Those who criticize the euro or how it is managed have long run the risk of being dismissed as Anglo-Saxons or, worse, anti-Europeans. British prime minister Margaret Thatcher accurately foresaw the folly of a European monetary union. Gordon Brown, as British chancellor of the exchequer, followed in Thatcher’s footsteps. When his staff presented carefully researched reasons for not joining the euro, many Europeans sneered.
And that is why Obama’s statement was such a breath of fresh air. It came a day after German chancellor Angela Merkel said that Greece should not expect more debt relief and must maintain austerity. Meanwhile, after days of not-so-veiled threats, the European Central Bank (ECB) is on the verge of cutting funding to Greek banks. The guardians of financial stability are amplifying a destabilizing bank run.
Obama’s breach of Europe’s intellectual insularity is all the more remarkable because even the International Monetary Fund has acquiesced in German-imposed orthodoxy. As IMF managing director Christine Lagarde told the Irish Times: “A debt is a debt, and it is a contract. Defaulting, restructuring, changing the terms has consequences.”
Recent analysis shows that forgiveness of Greece’s official debt is unambiguously desirable
The fund stood by in the 1990s, when the eurozone misadventure was concocted. In 2002, the director of the IMF’s European department described the fiscal rules that institutionalized the culture of persistent austerity as a “sound framework.” And, in May 2010, the IMF endorsed the European authorities’ decision not to impose losses on Greece’s private creditors – a move that was reversed only after unprecedented fiscal belt-tightening sent the Greek economy into a tailspin.
The delays and errors in managing the Greek crisis started early. In July 2010, Lagarde, who was France’s finance minister at the time, recognised the damage incurred by those initial delays, “If we had been able to address [Greece’s debt] right from the start, say in February, I think we would have been able to prevent it from snowballing the way that it did.” Even the IMF acknowledged that it had been a mistake not to impose losses on private creditors preemptively; it finally did so only in June 2013, when the damage had already been done.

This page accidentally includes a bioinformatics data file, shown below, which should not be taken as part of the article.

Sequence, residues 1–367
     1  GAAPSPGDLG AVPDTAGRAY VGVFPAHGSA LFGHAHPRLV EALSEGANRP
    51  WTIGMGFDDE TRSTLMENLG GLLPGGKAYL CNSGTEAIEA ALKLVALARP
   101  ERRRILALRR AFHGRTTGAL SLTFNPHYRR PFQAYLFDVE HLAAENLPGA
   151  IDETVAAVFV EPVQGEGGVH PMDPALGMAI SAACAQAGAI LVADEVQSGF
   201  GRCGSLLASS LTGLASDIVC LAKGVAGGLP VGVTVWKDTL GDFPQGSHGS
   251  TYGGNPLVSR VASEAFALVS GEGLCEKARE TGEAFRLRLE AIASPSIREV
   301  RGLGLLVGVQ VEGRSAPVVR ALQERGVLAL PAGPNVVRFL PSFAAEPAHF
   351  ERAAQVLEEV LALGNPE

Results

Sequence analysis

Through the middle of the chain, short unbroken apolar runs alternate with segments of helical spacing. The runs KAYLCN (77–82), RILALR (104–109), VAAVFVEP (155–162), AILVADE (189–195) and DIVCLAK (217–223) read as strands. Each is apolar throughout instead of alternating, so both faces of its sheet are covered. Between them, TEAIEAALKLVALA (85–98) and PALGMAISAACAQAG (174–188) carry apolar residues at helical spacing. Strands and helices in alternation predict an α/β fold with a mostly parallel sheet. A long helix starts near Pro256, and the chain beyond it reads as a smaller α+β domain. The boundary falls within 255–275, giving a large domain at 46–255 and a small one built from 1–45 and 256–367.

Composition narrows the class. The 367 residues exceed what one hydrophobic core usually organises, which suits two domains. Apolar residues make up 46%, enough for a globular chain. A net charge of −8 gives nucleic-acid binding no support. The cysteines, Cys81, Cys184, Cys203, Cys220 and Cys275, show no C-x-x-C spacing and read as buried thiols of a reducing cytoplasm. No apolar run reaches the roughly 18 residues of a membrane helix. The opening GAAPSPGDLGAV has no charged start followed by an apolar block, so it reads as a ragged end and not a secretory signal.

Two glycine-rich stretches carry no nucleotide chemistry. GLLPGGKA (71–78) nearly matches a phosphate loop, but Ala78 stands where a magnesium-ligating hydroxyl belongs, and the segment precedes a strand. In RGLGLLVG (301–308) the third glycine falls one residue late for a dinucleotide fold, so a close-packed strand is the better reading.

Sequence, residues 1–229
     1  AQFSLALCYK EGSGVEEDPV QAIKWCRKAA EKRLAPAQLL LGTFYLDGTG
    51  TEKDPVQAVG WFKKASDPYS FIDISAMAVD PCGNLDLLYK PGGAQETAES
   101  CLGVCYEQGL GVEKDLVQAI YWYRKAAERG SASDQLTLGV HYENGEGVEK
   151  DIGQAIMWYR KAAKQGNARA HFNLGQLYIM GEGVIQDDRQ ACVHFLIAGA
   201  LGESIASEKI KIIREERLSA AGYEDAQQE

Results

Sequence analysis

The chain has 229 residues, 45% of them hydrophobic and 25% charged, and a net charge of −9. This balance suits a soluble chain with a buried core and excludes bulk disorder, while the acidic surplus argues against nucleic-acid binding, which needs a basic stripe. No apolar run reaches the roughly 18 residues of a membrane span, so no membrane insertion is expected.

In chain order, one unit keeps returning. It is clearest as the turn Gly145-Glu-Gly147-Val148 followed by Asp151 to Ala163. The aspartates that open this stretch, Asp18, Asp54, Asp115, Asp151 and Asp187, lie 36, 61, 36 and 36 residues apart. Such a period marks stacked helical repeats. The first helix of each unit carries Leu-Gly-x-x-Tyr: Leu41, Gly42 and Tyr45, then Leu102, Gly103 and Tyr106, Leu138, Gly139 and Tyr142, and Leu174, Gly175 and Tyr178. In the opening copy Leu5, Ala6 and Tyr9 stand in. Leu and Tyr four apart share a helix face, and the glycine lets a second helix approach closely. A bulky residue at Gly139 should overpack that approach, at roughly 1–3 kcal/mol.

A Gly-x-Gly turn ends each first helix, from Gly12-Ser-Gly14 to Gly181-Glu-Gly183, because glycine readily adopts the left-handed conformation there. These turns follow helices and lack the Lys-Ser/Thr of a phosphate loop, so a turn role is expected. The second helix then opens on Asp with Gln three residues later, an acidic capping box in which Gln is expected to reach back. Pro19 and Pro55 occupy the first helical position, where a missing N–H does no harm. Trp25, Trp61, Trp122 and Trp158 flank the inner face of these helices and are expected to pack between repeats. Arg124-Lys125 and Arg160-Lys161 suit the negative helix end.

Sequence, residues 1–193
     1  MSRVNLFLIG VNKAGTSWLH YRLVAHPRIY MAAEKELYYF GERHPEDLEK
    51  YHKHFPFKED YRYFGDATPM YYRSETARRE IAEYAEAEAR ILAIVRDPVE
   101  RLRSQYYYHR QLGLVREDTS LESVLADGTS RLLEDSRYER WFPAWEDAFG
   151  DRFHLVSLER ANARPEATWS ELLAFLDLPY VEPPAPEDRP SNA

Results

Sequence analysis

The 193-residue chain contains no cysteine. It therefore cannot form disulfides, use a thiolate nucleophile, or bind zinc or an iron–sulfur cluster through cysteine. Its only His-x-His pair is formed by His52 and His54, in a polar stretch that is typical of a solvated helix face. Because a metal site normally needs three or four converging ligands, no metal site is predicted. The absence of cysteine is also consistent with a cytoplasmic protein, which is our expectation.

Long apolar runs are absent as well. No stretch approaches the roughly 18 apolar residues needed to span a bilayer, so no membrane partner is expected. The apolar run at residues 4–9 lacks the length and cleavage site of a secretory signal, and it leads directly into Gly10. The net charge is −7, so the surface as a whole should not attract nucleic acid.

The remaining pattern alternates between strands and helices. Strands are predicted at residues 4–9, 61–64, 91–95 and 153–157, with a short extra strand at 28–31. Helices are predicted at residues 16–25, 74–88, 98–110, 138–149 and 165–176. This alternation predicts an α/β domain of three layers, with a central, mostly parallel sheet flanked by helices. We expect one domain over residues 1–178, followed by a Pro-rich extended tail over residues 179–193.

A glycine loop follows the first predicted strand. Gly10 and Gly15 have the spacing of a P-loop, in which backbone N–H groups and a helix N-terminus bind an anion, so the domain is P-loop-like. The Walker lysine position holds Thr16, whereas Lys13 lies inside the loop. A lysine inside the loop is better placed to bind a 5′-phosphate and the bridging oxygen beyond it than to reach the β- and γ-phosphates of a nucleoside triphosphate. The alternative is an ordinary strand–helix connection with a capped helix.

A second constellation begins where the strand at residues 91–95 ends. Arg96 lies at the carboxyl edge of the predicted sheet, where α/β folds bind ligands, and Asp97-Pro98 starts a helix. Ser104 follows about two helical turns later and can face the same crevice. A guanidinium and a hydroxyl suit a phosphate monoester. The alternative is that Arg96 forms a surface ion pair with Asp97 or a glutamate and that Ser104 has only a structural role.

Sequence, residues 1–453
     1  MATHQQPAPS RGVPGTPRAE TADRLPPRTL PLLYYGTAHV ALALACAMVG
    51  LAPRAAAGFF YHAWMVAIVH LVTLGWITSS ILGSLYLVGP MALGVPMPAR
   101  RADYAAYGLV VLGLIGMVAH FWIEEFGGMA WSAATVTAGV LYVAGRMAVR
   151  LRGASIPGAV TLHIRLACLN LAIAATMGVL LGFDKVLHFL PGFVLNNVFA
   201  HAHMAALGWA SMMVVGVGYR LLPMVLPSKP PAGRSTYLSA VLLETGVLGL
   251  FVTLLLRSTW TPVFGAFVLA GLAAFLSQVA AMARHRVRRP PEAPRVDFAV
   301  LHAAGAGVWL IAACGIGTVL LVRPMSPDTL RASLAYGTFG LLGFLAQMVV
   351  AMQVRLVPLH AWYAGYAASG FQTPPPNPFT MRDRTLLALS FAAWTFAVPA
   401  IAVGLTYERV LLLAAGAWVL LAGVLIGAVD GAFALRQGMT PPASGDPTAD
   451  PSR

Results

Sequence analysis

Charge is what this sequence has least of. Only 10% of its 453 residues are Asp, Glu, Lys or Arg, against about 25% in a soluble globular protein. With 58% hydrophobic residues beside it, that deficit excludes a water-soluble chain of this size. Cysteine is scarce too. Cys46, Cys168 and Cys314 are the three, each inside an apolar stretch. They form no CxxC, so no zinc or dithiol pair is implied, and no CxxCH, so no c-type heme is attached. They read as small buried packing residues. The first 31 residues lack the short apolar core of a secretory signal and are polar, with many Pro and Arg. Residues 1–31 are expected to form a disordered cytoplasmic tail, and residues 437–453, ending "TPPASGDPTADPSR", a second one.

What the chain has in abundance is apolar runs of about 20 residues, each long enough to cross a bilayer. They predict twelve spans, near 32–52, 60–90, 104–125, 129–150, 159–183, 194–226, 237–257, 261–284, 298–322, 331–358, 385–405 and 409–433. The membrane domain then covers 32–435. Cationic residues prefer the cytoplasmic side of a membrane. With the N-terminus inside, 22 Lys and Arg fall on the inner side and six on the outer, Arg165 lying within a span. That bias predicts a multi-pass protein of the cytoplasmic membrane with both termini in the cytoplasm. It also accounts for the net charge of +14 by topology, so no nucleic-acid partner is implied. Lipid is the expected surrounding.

There is plenty of blame to go around. Former US treasury secretary Timothy Geithner championed a hardline stance against debt restructuring during a crisis. As a result, despite warnings by several IMF Directors in May 2010 that restructuring was inevitable, the US supported the European position that private creditors needed to be paid in full.
Lee Buchheit, a leading sovereign-debt attorney and the man who managed the eventual Greek debt restructuring in 2012, was harshly critical of the authorities’ failure to face up to reality. As he put it, “I find it hard to imagine they will now man up to the proposition that they delayed – at appalling cost to Greece, its creditors, and its official-sector sponsors – an essential debt restructuring.”
Obama may have arrived late to the right conclusion, but he expressed what should be an obvious truth: “You cannot keep on squeezing countries that are in the midst of depression.”
If Obama’s words are to count, he must continue to push for the kind of deal Greece needs – one that errs on the side of too much debt forgiveness, rather than too little. Recent analysis shows that forgiveness of Greece’s official debt is unambiguously desirable, as another bogus deal will keep the Greek economy depressed, ensuring that the problem soon recurs. If European sensitivities must be assuaged, Greece’s debt repayment could be drawn out over 100 years.
At the end of the day, debt forgiveness benefits creditors as much as it helps debtors. Creditors have known this since at least the sixteenth century, when Spain’s King Philip II became the world’s first known serial sovereign defaulter. As Jesus put it, “It is more blessed to give than to receive”.
European authorities must come to understand that the next act of the Greek tragedy will not be confined to Greece. If relief fails to materialise, political discontent will spread, extremist forces will gain strength, and the survival of the EU itself could be endangered.
Ashoka Mody, a former mission chief for Germany and Ireland at the IMF, is currently visiting professor of international economic policy at the Woodrow Wilson School of Public and International Affairs, Princeton University
Copyright: Project Syndicate, 2015